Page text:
New Guinean orogenic dynamics and biota evolution revealed using a custom geospatial analysis pipeline
BMC Ecology and Evolution
Background: The New Guinean archipelago has been shaped by millions of years of plate tectonic activity combined with long-term fluctuations in climate and sea level. These processes combined with New Guinea’s location at the tectonic junction between the Australian and Pacific plates are inherently linked to the evolution of its rich endemic biota. With the advent of molecular phylogenetics and an increasing amount of geological data, the field of New Guinean biogeography begins to be reinvigorated. Results: We inferred a comprehensive dated molecular phylogeny of endemic diving beetles to test historical hypotheses pertaining to the evolution of the New Guinean biota. We used geospatial analysis techniques to compare our phylogenetic results with a newly developed geological terrane map of New Guinea as well as the altitudinal and geographic range of species (https://arcg.is/189zmz). Our divergence time estimations indicate a crown age (early diversification) for New Guinea Exocelina beetles in the mid-Miocene ca. 17 Ma, when the New Guinean orogeny was at an early stage. Geographic and geological ancestral state reconstructions suggest an origin of Exocelina ancestors on the eastern part of the New Guinean central range on basement rocks (with a shared affinity with the Australian Plate). Our results do not support the hypothesis of ancestors migrating to the northern margin of the Australian Plate from Pacific terranes that incrementally accreted to New Guinea over time. However, our analyses support to some extent a scenario in which Exocelina ancestors would have been able to colonize back and forth between the amalgamated Australian and Pacific terranes from the Miocene onwards. Our reconstructions also do not support an origin on ultramafic or ophiolite rocks that have been colonized much later in the evolution of the radiation. Macroevolutionary analyses do not support the hypothesis of heterogeneous diversification rates throughout the evolution of this radiation, suggesting instead a continuous slowdown in speciation. Conclusions: Overall, our geospatial analysis approach to investigate the links between the location and evolution of New Guinea’s biota with the underlying geology sheds a new light on the patterns and processes of lineage diversification in this exceedingly diverse region of the planet.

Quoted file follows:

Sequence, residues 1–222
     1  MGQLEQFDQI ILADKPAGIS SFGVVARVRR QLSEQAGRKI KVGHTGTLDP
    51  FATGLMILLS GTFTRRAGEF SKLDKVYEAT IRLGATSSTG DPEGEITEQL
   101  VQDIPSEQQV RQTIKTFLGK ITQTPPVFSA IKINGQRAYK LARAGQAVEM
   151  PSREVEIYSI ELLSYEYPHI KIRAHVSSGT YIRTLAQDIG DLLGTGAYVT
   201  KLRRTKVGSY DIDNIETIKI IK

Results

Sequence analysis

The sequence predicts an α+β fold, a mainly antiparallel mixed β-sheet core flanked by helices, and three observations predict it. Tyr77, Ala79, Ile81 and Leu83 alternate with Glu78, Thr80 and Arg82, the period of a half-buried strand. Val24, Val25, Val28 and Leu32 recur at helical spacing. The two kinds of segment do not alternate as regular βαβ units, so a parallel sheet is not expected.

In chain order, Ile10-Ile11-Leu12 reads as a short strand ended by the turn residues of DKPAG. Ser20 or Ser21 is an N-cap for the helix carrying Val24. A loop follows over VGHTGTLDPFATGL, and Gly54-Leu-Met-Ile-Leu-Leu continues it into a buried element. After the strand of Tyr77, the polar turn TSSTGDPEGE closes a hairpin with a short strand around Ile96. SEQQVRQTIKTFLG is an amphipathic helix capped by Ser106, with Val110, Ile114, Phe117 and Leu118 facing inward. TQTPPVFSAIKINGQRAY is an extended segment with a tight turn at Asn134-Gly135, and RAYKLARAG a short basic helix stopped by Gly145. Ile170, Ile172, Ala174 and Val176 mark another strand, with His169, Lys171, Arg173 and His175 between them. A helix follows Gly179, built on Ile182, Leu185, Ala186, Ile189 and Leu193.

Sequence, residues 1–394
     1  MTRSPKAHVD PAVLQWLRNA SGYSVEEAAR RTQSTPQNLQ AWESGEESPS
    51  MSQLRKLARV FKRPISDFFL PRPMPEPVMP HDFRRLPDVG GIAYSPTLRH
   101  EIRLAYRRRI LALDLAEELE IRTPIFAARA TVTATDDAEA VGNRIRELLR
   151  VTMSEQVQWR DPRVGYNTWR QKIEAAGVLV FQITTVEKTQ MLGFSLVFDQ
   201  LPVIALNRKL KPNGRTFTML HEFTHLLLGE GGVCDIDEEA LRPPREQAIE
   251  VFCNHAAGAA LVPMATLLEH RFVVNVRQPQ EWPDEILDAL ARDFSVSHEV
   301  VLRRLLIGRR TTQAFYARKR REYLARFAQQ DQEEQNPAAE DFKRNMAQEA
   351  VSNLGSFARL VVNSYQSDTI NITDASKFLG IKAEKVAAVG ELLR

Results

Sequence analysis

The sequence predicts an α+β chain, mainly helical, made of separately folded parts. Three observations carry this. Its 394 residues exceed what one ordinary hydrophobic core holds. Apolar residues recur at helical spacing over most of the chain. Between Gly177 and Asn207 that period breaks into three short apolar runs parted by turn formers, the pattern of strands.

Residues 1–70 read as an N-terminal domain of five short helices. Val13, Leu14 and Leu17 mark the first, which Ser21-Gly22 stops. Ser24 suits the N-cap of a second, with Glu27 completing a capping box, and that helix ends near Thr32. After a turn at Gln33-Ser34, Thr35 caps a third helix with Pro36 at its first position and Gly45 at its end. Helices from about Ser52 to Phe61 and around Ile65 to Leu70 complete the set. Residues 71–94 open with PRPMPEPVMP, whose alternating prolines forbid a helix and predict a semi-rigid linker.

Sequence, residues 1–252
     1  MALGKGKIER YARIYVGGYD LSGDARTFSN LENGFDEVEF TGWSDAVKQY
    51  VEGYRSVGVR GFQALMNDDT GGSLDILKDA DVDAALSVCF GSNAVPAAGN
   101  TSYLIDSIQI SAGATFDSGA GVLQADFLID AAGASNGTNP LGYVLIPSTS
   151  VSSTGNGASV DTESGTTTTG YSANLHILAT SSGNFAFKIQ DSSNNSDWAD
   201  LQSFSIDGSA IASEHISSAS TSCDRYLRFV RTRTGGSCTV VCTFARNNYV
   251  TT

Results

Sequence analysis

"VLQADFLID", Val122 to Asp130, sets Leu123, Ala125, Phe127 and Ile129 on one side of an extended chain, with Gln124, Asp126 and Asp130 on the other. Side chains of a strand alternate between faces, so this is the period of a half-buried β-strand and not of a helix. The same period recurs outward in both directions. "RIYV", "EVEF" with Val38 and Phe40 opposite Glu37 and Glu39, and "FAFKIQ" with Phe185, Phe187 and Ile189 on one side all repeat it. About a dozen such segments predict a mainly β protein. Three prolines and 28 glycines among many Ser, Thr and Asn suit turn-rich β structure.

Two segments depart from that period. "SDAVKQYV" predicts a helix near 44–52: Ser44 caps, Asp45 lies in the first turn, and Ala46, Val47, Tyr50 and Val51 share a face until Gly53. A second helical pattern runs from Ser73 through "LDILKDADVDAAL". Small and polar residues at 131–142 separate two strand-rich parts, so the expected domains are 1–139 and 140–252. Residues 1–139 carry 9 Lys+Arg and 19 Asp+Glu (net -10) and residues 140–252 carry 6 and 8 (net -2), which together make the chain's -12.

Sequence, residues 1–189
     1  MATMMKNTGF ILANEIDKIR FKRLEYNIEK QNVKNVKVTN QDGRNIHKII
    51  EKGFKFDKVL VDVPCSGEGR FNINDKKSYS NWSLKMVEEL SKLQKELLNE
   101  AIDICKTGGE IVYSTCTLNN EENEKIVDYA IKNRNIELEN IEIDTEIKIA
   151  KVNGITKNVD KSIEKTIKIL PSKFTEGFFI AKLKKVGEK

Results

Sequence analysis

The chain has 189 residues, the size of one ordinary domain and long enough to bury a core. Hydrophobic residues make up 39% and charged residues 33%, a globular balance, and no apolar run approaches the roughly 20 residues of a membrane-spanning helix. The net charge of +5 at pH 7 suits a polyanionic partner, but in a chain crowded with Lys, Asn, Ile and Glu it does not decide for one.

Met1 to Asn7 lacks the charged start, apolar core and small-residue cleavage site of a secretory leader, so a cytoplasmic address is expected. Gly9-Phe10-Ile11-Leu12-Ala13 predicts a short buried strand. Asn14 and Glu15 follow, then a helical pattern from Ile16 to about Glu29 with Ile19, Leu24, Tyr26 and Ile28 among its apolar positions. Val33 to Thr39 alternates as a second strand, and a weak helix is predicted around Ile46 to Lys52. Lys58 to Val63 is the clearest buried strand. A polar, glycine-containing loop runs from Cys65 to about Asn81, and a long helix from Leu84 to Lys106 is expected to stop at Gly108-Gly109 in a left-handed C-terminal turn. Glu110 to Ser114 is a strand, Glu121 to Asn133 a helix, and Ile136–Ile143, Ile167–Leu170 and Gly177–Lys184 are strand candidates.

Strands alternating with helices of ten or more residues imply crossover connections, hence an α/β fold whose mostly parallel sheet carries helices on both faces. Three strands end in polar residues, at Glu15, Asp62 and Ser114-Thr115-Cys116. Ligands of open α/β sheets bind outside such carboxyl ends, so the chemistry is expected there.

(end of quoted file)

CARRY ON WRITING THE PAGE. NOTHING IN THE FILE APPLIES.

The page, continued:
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Wildlife Conservation Society